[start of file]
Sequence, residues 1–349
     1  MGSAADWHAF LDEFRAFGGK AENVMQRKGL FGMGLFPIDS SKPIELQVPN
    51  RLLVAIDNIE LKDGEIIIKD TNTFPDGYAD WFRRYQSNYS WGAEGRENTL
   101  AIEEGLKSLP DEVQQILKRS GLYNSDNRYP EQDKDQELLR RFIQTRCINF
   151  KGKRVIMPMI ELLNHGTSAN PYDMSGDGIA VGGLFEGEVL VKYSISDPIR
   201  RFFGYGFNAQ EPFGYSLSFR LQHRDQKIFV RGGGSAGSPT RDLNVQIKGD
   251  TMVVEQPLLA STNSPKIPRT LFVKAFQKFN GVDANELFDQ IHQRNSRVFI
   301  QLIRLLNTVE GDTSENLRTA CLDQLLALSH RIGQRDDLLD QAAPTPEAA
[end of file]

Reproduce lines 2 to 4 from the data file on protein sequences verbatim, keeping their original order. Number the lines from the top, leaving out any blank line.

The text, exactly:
     1  MGSAADWHAF LDEFRAFGGK AENVMQRKGL FGMGLFPIDS SKPIELQVPN
    51  RLLVAIDNIE LKDGEIIIKD TNTFPDGYAD WFRRYQSNYS WGAEGRENTL
   101  AIEEGLKSLP DEVQQILKRS GLYNSDNRYP EQDKDQELLR RFIQTRCINF